ANTHONY ALBANESE
ANTHONY ALBANESE

Albanese challenges for the ALP's leadership

THE man who once famously said he "liked fighting Tories" has entered the race to become the Australian Labor Party's next leader.

Outgoing deputy prime minister Anthony Albanese will go head-to-head with Bill Shorten for the leadership after informing the Labor caucus of his decision on Friday.

It means that for the first time rank and file party members will join the caucus in deciding the leader - a result of changes put forward by former PM Kevin Rudd.

The pair will spend the next month putting their respective cases for the job, just as they did before the caucus on Friday, with the rank-and-file ballot to take place before the caucus votes.

Labor MPs and Senators will not know the results of the membership ballot before casting their own votes.

Outgoing treasurer Chris Bowen will be the party's interim leader while the process plays out.

Mr Bowen revealed the outgoing executive would fill the shadow portfolios during that time, including the leadership candidates, with Richard Marles stepping into defence.

A calm and confident Mr Albanese fronted the media in Canberra to outline his credentials for the leadership.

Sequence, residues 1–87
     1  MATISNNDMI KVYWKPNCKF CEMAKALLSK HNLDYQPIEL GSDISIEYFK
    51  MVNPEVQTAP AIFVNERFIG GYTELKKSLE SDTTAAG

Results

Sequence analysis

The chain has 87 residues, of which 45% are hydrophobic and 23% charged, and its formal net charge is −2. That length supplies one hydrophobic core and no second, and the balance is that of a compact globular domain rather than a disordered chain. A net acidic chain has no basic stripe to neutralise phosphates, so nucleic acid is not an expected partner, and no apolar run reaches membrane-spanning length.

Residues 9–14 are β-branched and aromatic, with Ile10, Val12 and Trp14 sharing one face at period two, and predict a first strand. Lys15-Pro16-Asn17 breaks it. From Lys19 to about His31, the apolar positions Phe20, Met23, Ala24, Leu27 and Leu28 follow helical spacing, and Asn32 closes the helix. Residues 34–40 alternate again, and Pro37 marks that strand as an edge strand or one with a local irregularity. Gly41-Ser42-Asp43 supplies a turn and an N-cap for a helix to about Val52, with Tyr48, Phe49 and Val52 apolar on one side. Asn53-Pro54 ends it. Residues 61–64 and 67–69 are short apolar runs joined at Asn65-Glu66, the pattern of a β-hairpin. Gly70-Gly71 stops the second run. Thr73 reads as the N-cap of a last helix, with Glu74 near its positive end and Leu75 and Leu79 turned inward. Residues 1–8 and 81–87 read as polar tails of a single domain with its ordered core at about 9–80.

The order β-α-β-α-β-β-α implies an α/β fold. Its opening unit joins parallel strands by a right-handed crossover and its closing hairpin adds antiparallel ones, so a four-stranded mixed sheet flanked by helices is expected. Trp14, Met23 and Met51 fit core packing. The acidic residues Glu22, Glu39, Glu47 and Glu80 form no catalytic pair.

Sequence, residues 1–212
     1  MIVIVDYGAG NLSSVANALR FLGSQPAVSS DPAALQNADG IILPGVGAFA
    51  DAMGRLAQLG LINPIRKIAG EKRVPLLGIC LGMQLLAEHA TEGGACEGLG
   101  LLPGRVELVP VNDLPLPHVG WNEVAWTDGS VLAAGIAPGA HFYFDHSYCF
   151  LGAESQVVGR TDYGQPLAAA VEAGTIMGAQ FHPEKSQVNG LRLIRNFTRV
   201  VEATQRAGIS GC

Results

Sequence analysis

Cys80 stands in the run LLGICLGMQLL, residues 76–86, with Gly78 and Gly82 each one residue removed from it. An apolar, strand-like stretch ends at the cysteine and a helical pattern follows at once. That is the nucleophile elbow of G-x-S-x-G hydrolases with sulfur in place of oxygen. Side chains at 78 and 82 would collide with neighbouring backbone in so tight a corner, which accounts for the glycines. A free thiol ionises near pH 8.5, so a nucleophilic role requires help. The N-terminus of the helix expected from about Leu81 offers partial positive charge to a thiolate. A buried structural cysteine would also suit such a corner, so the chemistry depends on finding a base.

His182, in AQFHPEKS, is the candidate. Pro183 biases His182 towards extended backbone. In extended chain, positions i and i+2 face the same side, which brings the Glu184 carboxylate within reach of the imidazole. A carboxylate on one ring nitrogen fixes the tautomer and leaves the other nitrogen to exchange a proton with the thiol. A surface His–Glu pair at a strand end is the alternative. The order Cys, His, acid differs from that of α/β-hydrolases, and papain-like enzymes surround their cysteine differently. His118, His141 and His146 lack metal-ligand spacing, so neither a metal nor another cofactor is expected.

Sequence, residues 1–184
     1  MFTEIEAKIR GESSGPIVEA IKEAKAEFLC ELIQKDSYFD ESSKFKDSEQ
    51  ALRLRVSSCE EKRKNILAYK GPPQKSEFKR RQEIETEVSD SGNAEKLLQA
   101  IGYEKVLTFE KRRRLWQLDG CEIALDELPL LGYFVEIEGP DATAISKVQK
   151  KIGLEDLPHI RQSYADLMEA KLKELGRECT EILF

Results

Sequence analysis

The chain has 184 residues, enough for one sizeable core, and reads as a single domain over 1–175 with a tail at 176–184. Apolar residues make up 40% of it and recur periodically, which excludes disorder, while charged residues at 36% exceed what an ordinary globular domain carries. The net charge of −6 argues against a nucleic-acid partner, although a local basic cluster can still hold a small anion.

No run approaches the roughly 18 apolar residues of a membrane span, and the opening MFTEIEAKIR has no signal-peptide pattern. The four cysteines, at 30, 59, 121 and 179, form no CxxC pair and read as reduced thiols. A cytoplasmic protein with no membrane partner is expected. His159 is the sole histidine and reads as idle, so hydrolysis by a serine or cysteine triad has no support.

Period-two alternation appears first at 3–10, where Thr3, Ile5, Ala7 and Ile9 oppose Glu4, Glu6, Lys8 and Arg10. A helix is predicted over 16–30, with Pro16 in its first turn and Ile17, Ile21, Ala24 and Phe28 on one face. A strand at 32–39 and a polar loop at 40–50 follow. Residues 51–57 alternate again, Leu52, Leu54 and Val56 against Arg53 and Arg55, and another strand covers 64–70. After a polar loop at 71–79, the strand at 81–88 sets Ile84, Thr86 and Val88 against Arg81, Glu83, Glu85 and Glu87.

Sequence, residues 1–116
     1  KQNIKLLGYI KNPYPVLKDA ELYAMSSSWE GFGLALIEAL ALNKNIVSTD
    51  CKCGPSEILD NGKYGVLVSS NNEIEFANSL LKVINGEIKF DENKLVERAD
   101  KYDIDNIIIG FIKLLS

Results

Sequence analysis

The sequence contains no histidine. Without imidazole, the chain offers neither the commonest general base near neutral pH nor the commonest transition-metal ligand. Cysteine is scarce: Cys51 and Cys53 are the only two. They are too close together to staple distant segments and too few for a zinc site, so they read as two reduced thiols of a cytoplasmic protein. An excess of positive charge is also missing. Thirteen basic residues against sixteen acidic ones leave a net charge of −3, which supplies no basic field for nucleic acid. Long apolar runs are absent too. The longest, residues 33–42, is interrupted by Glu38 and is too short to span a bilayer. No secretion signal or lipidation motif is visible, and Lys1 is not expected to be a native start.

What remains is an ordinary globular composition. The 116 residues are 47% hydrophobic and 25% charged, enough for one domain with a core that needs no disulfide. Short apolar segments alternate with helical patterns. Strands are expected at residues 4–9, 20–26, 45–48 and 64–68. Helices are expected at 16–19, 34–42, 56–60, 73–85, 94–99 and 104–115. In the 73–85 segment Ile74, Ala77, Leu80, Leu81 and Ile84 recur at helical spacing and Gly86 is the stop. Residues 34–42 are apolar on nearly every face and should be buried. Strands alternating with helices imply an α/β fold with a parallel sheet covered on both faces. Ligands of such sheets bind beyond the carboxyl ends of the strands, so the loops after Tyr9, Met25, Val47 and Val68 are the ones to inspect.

Mr Albanese, who was a highly effective Leader of the House, spoke about his diverse policy experience gleaned from six years as a senior minister in the Rudd and Gillard governments.

"I firmly believe that I'm the best candidate to lead Labor back into government at the next election," Mr Albanese said.

"I think I'm up to a hard job."

Mr Albanese said the Labor Party "had to change" for the sake of the country and the party.

He stressed the need for a focus on four key themes: a strong economy; investing in opportunities through education, business and workplace reforms; a sustainable Australia through action on climate change, and a fair go for all.

"I have a record of taking on these issues. What you see is what you get. I am someone who puts forward a view strongly and passionately when I believe it," he said.

And in a sign that the next four weeks will be more about policy than personality, Mr Albanese spoke glowingly about Mr Shorten, who announced his intentions earlier in the week.

He revealed Mr Shorten was the first person he told about his decision to contest the leadership.

"Bill is a friend of mine. He would make a very good leader. He's a great communicator," he said.

Mr Shorten also fronted the media on Friday and, like his opponent, vowed to accept the decision of the caucus and ALP members.

He praised Mr Albanese, describing him as "very good candidate", and promised the contest would be a "civil debate".

Details about the leadership race - including the timing and format of any public debates, eligibility criteria for voting and what would happen in the event of a tie - were yet to be determined.



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